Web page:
Originally we were trying to produce hydrogen with a photo-electrode. So we’re shining sunlight on this thing, it’s producing a current, it’s separating the electrolyte into hydrogen and oxygen gas and then we’re capturing the hydrogen. That’s the big picture. We were going to do the whole thing — building the photo-electrode, building the device to test it, doing the testing and producing the results; all of it. That was the original scope of our project. We started trying to wrap our heads around it and get with all the chemistry, science and all of it, and it seriously just overwhelmed us. We had no clue what was going on.
That sounds like a pretty rough start.
For our first presentation, we were basically talking heads for about 10 minutes, and at the end everybody was like, “What the heck did they just talk about?” We really had no clue what we were doing, so we had to sit down as a team and figure things out ourselves, figure out how we could narrow the scope so that we could have a product to show people once we graduate. We narrowed our scope down to just doing the testing device. It’s been going very well, too. The capstone is a great experience because — just like anything else in life — it is whatever you make it. They basically let us run with it. They didn’t tell us what to do here. They let us figure it out ourselves.
Do you feel well prepared for whatever is next?
We learned a lot about a lot of different things, so we have a perspective that other students who are graduating from different undergraduate engineering programs can’t say that they had.
Series At A Glance
- Part 1 - How Much Effect Can JMU Students Have On A Continent's Healthcare Future?
- Part 2 - Striebig Sees Need For More, Better Undergraduate Engineering Education
- Part 3 - Standardizing Solar Hydrogen Research Would Have Watershed Effect
- Part 4 - Hands-on Learning Philosophy Brought Holland Back to JMU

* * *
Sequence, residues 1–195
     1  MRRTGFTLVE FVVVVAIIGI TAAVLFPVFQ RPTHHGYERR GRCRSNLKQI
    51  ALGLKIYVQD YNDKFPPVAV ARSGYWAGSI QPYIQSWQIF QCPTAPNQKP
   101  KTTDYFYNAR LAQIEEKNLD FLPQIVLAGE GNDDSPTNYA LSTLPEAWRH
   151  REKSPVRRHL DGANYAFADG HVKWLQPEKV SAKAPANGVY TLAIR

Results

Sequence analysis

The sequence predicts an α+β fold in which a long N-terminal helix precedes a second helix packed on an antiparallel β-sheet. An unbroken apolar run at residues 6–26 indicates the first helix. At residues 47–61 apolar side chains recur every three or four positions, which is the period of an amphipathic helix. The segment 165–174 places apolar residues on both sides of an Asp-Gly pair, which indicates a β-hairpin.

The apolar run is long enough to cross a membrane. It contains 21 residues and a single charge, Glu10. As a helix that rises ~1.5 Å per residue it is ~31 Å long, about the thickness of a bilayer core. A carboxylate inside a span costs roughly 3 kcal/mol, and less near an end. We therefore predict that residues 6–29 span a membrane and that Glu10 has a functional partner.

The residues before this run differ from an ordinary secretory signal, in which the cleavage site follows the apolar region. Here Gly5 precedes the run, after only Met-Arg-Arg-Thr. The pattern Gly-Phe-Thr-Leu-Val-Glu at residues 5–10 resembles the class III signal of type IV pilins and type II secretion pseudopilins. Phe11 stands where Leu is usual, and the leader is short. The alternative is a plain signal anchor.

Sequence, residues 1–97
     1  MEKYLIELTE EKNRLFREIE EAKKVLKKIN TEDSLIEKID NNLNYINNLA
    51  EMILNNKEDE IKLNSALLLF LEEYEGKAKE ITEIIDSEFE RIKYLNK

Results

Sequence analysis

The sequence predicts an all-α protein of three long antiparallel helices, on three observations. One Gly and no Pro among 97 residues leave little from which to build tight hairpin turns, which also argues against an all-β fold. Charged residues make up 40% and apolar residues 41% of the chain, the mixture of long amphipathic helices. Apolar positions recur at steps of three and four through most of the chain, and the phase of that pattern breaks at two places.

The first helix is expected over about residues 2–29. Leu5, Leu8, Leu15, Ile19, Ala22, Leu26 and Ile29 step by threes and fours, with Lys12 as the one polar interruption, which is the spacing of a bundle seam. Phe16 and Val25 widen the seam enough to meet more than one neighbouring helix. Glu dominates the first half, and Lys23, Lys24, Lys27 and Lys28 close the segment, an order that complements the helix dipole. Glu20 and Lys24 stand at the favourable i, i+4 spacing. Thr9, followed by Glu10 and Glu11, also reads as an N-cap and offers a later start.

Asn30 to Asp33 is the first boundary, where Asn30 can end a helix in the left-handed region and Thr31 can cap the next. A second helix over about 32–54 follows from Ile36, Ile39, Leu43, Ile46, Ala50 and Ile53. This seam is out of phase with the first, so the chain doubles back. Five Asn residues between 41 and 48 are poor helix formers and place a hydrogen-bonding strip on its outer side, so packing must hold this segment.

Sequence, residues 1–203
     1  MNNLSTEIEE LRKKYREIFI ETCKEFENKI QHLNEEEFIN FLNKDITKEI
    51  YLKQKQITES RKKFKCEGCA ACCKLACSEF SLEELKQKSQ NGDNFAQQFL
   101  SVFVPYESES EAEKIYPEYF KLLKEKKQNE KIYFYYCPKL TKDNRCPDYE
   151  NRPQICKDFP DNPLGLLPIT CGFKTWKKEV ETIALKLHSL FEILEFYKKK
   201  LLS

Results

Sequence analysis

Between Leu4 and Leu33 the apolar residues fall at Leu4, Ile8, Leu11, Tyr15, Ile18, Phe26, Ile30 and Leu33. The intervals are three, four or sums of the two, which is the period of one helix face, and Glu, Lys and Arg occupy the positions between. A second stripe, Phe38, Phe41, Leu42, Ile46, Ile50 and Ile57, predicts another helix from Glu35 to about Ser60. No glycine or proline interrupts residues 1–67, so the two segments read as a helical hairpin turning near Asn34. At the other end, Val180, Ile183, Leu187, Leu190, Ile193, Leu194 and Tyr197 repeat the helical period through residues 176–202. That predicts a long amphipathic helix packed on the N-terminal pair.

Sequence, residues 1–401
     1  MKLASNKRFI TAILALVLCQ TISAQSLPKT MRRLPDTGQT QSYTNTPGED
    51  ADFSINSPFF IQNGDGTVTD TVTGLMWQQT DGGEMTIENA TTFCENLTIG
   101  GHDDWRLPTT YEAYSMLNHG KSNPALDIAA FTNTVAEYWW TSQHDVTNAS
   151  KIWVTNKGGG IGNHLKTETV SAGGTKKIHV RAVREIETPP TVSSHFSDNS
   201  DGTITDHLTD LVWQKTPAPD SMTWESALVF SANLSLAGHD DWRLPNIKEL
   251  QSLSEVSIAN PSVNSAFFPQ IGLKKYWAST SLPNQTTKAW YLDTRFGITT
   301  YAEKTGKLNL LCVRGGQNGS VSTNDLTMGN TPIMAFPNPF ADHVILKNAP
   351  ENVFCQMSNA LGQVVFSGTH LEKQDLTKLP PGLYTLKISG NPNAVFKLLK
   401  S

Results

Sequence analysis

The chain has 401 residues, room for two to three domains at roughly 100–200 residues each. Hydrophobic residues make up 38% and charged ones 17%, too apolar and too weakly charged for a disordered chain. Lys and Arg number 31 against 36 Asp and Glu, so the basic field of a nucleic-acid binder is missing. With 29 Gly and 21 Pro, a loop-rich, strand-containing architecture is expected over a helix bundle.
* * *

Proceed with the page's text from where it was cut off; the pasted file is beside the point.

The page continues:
- Part 5 - Robot Being Designed to Fight Fires
- Part 6 - Model Railroad Put Nagel on Track to Become an Engineer
- Part 7 - Problem Solving Approach, Thinking Lured Pierrakos to Engineering Career
- Part 8 - Projects Impress Junior Who Will be Part of Second Graduating Class
- Part 9 - Passion for Technology Led Nagel Into Engineering
- Part 10 - No Time for Alarm: Contest Approaches for Robot Team
- Part 11 - Adaptability is Key to Health Clinic Design for Sub-Saharan Africa
- Part 12 - Quest to Design Cutting-Edge Device, Process Proves Challenging and Rewarding
- Part 13 - Electrical Engineering? One Class Changed DiMarino's Outlook
- Part 14 - Military Career Groomed Harper for Teaching
- Part 15 - Learning the Hard Way Can be the Best Way
- Part 16 - Africa Clinic Team Reflects on Milestones, Looks to the Future
- Part 17 - Solar Hydrogen Team Relishes Accomplishments, Variety of Experiences
- Part 18 - Nutbrown Reflects on Strengths of Fledgling Program
- Part 19 - 'Non-traditional Approach' Paved Way for Prins' Engineering Career
- Part 20 - Ogundipe's Vision for Engineers Molded by Niger Delta Experience
- Part 21 - Gipson Strives to Open Opportunities Into STEM Fields
- Part 22 - Love of Thermal Science Ignited Watson's Career Path